Can anyone doubt the connection between rising inequality and the increasingly partisan and divisive nature of American politics, which has made it difficult, if not impossible, for government to respond quickly and intelligently to the major economic challenges facing the nation? Surely that can’t be good for growth.
Yet from that, Pearlstein draws exactly the wrong conclusion. Finding it “strange that Republicans assign such overriding importance to economic incentives for investors, executives and hedge-fund managers while remaining totally clueless about the economic incentives faced by everyone else,” he notes that “over the past 30 years, the entire increase in the nation’s income has been captured by the 10 percent of households at the top of the income scale.” We then get the clincher: “Do you think that maybe, just maybe, the lack of a pay raise for the other 90 percent might have had any impact on their productivity, their work effort, their creativity or their willingness to take risk?”
Couple that with Pearlstein’s finding that it is difficult, if not impossible, for government to respond to the economic challenges facing the nation, and it’s clear that the unstated assumption, echoing the “Occupy” refrain, is that something ought to be done about “the lack of a pay raise for the other 90 percent” – and it ought to be done by government.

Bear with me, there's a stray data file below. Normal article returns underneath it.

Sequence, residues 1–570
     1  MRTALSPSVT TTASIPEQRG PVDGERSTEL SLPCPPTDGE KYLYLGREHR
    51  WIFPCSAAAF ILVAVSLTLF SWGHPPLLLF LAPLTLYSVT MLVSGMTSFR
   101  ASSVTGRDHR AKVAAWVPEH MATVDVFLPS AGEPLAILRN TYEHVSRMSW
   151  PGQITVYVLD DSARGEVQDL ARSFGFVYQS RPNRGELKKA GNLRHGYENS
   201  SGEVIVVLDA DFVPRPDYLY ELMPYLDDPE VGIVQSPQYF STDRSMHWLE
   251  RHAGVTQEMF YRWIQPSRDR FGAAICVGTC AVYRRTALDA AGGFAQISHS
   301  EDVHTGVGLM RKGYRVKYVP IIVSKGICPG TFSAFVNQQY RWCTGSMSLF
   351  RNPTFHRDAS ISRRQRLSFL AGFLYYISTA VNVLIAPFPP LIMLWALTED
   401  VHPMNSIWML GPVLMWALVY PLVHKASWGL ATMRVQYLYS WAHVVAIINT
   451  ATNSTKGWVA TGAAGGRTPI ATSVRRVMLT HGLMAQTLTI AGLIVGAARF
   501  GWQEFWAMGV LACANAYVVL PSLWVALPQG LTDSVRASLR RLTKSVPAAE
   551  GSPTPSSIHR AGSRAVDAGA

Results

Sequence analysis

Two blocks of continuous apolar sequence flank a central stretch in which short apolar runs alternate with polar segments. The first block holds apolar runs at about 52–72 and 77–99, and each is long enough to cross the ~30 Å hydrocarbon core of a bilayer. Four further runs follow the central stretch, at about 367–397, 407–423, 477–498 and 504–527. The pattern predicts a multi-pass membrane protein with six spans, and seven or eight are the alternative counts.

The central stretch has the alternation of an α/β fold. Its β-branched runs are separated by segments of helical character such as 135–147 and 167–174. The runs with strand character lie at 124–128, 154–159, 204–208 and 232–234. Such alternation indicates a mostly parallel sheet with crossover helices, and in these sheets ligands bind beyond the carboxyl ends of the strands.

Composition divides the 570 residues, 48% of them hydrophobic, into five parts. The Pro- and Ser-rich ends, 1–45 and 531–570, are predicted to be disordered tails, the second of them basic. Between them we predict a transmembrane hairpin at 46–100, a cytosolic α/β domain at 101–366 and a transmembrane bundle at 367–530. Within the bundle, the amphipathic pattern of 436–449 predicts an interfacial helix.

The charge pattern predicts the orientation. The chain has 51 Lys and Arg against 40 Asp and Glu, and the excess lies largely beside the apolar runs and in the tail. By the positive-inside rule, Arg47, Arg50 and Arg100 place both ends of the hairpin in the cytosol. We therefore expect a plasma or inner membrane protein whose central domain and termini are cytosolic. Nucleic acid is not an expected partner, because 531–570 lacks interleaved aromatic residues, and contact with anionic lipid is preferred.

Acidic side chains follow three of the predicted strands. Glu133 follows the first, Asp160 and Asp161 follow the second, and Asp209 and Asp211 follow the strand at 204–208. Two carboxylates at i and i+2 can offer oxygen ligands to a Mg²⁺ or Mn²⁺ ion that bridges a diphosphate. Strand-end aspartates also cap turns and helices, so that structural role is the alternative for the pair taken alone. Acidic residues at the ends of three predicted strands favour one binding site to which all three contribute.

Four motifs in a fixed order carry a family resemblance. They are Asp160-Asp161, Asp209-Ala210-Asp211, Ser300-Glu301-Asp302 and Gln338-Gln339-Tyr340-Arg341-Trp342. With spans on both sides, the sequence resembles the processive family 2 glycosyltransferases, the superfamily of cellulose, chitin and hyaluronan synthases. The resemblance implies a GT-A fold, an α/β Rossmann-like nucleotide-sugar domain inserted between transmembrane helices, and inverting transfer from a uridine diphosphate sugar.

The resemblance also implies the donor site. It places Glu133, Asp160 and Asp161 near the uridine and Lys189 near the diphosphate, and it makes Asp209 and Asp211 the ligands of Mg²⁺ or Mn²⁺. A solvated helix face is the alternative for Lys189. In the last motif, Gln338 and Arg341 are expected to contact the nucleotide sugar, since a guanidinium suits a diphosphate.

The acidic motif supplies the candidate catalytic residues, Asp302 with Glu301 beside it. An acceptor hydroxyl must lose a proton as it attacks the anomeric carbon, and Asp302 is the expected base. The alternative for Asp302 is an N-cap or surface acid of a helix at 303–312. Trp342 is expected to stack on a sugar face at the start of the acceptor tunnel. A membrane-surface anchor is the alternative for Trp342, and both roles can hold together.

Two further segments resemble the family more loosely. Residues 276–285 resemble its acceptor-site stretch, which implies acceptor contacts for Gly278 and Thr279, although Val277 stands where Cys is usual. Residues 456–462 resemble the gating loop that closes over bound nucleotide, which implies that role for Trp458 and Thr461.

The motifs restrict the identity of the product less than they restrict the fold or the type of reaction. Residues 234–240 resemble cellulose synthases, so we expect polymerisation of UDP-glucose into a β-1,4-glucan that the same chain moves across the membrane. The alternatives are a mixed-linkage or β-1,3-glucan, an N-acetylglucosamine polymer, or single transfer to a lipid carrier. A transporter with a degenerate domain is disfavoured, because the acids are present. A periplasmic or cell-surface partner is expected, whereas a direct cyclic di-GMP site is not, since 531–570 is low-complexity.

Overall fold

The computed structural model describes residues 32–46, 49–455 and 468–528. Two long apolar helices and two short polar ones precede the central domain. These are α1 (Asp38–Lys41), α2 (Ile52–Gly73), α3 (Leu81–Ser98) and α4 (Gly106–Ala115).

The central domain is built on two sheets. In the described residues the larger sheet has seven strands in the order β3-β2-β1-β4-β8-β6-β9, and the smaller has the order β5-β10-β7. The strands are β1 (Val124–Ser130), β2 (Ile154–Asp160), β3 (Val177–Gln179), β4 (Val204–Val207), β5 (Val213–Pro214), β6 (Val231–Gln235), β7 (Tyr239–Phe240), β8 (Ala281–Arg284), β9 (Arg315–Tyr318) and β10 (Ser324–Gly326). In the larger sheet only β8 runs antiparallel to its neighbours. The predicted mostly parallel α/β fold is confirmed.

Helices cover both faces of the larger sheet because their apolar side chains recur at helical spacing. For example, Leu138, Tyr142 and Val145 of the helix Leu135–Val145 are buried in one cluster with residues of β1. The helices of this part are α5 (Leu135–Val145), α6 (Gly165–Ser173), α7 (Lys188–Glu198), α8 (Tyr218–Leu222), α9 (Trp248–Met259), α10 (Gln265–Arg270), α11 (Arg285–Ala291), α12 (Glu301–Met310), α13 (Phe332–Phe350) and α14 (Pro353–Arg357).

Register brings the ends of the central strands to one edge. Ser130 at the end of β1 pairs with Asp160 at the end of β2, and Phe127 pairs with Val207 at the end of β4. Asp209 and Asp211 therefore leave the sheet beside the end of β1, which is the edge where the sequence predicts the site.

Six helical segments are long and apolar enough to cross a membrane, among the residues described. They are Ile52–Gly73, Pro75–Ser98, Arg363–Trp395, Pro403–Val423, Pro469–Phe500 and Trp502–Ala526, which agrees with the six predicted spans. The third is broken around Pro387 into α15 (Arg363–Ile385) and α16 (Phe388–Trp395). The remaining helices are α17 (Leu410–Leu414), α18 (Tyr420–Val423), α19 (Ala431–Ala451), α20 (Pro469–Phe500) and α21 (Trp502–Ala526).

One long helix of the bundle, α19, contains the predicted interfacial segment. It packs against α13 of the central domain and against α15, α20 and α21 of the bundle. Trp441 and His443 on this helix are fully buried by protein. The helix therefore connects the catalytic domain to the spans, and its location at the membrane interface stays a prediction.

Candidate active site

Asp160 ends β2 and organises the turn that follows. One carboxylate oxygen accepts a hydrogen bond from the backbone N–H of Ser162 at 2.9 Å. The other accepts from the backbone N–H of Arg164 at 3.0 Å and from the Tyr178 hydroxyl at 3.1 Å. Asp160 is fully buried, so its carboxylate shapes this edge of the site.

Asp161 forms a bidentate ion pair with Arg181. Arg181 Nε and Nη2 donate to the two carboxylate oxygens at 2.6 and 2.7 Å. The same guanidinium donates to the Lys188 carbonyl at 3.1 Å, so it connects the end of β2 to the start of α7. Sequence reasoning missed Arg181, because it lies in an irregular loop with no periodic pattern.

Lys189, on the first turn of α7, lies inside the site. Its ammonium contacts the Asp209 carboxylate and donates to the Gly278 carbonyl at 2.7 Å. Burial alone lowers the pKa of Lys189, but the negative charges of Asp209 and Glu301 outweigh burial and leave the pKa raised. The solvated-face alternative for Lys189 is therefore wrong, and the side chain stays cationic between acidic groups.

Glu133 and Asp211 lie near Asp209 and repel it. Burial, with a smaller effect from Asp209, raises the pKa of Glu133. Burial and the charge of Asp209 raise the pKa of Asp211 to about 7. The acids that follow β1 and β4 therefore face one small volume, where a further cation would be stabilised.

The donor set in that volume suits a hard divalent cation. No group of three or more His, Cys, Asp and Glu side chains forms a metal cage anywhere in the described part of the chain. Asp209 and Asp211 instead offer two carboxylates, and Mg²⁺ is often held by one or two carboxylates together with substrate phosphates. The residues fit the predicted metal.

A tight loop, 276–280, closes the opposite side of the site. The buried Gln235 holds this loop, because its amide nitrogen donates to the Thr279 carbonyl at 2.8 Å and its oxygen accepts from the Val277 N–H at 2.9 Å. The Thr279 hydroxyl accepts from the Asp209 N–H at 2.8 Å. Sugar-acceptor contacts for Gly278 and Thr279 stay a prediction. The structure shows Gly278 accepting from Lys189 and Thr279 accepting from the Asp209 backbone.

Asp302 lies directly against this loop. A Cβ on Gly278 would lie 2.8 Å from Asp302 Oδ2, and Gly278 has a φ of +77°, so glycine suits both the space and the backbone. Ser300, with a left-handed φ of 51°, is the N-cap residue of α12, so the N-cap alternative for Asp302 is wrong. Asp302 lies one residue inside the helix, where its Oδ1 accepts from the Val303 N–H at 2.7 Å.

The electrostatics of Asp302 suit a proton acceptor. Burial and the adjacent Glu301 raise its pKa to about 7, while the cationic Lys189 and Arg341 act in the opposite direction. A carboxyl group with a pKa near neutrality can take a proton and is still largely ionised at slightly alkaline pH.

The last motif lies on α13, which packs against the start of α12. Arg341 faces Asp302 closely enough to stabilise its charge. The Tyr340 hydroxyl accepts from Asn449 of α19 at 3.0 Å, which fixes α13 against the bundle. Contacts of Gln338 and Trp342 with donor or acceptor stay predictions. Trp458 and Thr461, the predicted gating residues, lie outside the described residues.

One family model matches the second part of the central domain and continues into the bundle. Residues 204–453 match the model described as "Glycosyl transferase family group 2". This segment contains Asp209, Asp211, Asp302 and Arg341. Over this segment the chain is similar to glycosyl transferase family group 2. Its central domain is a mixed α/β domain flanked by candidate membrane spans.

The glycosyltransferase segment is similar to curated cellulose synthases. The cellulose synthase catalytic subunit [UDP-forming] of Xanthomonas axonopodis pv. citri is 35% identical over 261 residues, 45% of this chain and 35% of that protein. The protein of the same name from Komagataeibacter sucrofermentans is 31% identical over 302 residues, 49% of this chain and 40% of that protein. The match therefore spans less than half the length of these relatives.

But isn’t that just what brought about the financial crises of the past many years? After all, it was in the name of government seeking to reduce inequality that the Fed, Fannie, and Freddie, along with the Community Reinvestment Act, encouraged households to take on too much debt, to take just one of Pearlstein’s examples. More far-reaching still, however, like all who call on government to take measures to reduce inequality in the countless ways they do, Pearlstein seems oblivious to the fact that we’ve had a surfeit of such measures in recent years, yet they’ve only increased inequality, and for reasons economists have long understood: rich people more than poor, large corporations more than small, are all far more able to adjust to those intrusions into the workings of the market.
And so we’re back to the basic insight: If you want to reduce economic inequality, don’t shoot for it through government redistributive programs; get out of the way and let the market bring about whatever measure of equality is optimal. Few have put that point better, more than two and a half centuries ago, well before the rise of public choice economics, than the Scottish enlightenment philosopher David Hume:
Render possessions [or income] ever so equal, men’s different degrees of art, care, and industry will immediately break that equality. Or if you check these virtues, you reduce society to the most extreme indigence; and instead of preventing want and beggary in a few, render it unavoidable to the whole community. The most rigorous inquisition too is requisite to watch every inequality on its first appearance; and the most severe jurisdiction, to punish and redress it. But besides, that so much authority must soon degenerate into tyranny, and be exerted with great partialities; who can possibly be possessed of it, in such a situation as is here supposed? Perfect equality of possessions, destroying all subordination, weakens extremely the authority of magistracy, and must reduce all power nearly to a level, as well as property.